During the course of BLEEDING HEARTS, Marek punctures many myths about the other paranormal species (for example, it is not pleasant to have a vampire or even a D-V drink your blood, and the D-V absolutely, positively will not drink from anyone they care about as they view it to be unutterably wrong).  He also does his best to encourage Sophie to believe in herself — not just her gift, which will be of enormous benefit to the D-V if she can learn how to use it effectively, but in her complete self.   (Which is yet another reason to want to root for the guy.)

Sophie’s gift of empathy is essential to the plotline, because the D-V need someone with Sophie’s talents to help them.  They are desperate to avoid “evolving” into full Vampire (no -s in Krafton’s vision; “vampire” works for both singular and plural), because the regular Vampire are nasty, brutal thugs without any vestige of a soul.  (The D-V believe the Vampire to be eternally damned.)  Someone like Sophie may be able to keep them from this terrible “evolution,” as she can both feel their pain and project her own caring back due to her gift as an empath.  And so long as the D-V can still feel and/or still care, their souls remain intact.

Of course, Sophie’s gift is quite rare.  It, and she, must be protected at all costs.  But Sophie doesn’t truly understand this, which makes for some harrowing complications toward the end of BLEEDING HEARTS (to avoid spoilers, I’ll stop there with regards to a plot summary).

BLEEDING HEARTS has much to recommend it.  There’s a good woman who makes wisecracks in her spare time (Sophie), a brooding leading man who’s on the edge of eternal damnation (Marek), and a truly nasty villain (Still-heart the Vampire).  There’s a believable romance between Sophie and the much-older Marek.  There’s excellent atmosphere.  And there’s a good backstory that fits the D-V into the more common mythos of vampire and werewolf without a hitch.

But perhaps the best reason to read BLEEDING HEARTS is because of how well Krafton depicts Sophie’s various struggles.  Even though Sophie is past thirty, it’s obvious that there’s a lot about herself that Sophie simply doesn’t know.   Sophie’s “coming of age” adds an enormous amount of emotional depth and feeling to what could’ve easily become a clichéd and/or stilted narrative, but thankfully didn’t.

Bottom line: BLEEDING HEARTS, despite its superficial similarities to both Charlaine Harris’s Sookie Stackhouse books and Laurell K. Hamilton’s Anita Blake series, has something to offer that isn’t done very often — humor mixed with emotional depth and heart.  If you have a fondness for urban fantasy in general, vampires in particular, or anything in between, BLEEDING HEARTS will fill the bill.

Grade: A-minus

— reviewed by Barb

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Graeme Maxton’s “The End of Progress:” Depressing, Yet Necessary Look at World Economics

Graeme Maxton’s THE END OF PROGRESS: How Modern Economics Has Failed Us is a trenchant and often extremely depressing look at world economics.  Maxton starts with the unbridled “free” market of much of the Western industrialized world, and points out that philosopher and economist Adam Smith (author of THE WEALTH OF NATIONS) would not like much of what he sees.  Too many monopolies, says Maxton; too much money and power in the hands of too few, and too little taxation in countries like the United States of the wealthy and upper middle class (who can afford to pay) means that the world economy, in effect, is upside down: the things that should be expensive aren’t (such as televisions, calculators, and computers), and the things that aren’t expensive should be (oil, which is a finite resource; food, especially red meat which isn’t cost-effective to grow and/or sustain without a substantial price increase; water, which once again is a finite resource).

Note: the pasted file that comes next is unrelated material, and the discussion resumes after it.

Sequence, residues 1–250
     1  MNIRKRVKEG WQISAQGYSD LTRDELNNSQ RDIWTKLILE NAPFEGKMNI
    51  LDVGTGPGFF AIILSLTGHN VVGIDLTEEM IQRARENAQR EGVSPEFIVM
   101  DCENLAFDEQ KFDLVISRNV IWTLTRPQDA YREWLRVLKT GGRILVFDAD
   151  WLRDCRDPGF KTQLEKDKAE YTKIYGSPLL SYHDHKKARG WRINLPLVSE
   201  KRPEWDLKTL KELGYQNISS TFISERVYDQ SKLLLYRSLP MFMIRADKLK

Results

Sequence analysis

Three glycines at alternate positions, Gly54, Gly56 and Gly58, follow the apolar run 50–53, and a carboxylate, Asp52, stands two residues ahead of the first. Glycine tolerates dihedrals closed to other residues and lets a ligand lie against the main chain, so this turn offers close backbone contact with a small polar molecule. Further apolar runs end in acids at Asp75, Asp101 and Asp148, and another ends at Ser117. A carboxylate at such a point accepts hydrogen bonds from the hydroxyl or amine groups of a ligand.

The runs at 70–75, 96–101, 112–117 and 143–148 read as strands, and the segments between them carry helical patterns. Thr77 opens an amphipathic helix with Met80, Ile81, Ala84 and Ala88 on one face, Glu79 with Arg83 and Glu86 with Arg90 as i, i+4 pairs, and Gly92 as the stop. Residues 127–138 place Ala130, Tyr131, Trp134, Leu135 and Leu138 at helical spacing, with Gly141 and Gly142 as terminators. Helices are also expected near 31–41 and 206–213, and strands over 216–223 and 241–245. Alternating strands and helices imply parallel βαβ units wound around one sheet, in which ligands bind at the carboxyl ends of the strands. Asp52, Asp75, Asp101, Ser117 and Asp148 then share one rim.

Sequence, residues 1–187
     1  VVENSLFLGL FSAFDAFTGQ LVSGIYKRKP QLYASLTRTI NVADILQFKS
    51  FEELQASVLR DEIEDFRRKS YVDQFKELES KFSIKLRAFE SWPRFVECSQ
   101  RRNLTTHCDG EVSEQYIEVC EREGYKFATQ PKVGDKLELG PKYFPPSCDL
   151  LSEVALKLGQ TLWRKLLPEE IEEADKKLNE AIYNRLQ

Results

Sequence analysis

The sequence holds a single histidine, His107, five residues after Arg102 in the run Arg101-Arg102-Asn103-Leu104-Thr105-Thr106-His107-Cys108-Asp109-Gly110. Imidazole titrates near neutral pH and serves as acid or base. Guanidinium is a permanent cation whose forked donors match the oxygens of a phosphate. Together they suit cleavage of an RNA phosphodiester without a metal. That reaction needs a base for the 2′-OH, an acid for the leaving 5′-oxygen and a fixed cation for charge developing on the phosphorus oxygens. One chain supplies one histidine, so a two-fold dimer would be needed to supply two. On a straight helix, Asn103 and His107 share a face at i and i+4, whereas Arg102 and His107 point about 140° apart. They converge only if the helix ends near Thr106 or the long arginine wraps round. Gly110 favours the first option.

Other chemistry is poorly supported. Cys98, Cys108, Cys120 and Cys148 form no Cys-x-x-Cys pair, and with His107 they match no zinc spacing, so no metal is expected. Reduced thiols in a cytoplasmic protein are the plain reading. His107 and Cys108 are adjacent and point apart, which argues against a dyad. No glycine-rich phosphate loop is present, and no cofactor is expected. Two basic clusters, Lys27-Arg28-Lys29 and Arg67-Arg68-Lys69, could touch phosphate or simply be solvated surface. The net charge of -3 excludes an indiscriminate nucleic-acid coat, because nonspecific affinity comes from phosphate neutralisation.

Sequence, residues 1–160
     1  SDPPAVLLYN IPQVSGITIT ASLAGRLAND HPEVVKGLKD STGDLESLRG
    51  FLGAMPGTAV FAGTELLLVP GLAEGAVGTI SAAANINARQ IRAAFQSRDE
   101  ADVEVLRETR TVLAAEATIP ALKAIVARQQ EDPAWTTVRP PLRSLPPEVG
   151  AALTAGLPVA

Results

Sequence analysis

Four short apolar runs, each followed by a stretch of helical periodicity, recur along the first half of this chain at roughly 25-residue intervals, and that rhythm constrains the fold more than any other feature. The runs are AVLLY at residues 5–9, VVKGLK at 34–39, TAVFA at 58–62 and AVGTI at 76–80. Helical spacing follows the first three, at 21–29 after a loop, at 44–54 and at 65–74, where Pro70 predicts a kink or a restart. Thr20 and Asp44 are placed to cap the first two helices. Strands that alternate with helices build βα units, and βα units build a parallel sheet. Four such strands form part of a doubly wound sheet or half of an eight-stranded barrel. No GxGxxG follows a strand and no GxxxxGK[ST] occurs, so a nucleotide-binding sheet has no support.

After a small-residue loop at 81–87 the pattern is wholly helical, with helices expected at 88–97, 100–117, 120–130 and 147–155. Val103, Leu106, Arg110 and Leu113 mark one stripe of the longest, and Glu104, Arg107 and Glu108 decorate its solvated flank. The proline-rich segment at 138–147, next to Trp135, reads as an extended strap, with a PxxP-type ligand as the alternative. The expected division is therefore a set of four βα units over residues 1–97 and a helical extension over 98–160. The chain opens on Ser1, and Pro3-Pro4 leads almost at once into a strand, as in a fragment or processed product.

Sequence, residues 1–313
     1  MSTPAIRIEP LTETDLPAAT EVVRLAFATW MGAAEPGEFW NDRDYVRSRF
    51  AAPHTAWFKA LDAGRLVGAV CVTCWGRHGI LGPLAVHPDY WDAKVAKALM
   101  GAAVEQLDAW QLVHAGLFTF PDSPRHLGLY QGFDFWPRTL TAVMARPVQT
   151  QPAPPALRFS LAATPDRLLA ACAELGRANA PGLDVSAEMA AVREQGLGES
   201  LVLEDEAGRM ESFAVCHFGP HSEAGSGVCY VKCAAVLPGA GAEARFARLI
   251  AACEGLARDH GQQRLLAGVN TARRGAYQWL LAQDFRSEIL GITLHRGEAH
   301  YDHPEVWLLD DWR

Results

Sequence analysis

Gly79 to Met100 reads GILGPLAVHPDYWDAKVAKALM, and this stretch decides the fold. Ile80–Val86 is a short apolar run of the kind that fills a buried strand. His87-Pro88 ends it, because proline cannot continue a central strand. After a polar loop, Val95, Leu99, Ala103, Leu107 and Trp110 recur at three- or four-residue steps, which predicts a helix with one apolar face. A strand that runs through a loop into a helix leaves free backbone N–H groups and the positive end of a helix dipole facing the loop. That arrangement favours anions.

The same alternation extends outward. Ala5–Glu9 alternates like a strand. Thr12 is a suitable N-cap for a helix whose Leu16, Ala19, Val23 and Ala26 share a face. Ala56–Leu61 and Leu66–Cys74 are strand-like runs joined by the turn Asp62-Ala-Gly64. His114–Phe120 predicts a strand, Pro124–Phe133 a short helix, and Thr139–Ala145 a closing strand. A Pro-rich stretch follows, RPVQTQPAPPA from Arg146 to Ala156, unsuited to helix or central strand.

Maxton lays out many, many facts and even more opinions about why he believes the world has reached an end to any sort of substantial, sustainable technological progress to lift most of humanity up out of poverty.  Maxton believes instead that in many countries, such as the U.S., we are going backward (he is particularly censorious when it comes to the U.S.’s broken health care system, and how it leaves millions without good access — or perhaps any access at all — to health care), and that the way the world economy has gone in the past thirty years, we’re only going to accelerate this trend.

Now, the main reason this has anything to do with economics is due to how Maxton ties in his premise (that being, of course, “The End of Progress”) to the 2007 stock market/worldwide banking crisis.  Maxton points out that after the 1929 stock market crash, the world actually hit bottom some time in 1932; the world, as a whole, took nearly 25 years to recover from the damage of that stock market crash.  Yet the 2007 crash, with the worldwide banking crisis added to it, was actually worse than the 1929 crash — and Maxton believes that the 2007 crash, rather than being an end in itself as the worst-possible recent economic event, is actually a harbinger of even harder times to come.

Maxton’s prescription for economic improvement mostly depends on two things: raising taxes substantially on those who can afford to pay, and worldwide belt-tightening as there just aren’t the resources available to improve the economy overnight (or in his view, perhaps at all).  He believes that attitudes need to change, especially among the wealthy; he points out that in Smith’s time, the wealthy believed they should pay more in taxes because they could afford to do so, yet now the wealthy pay as little as they can get away with because it appears they’ve bought most of the politicians/power brokers.  This leaves everyone else with a far lesser share of the economic “pie” than we should have, and yet the wealthy do not believe they’re doing anything wrong as they believe free-market, unbridled capitalism is what Smith was talking about in 1776.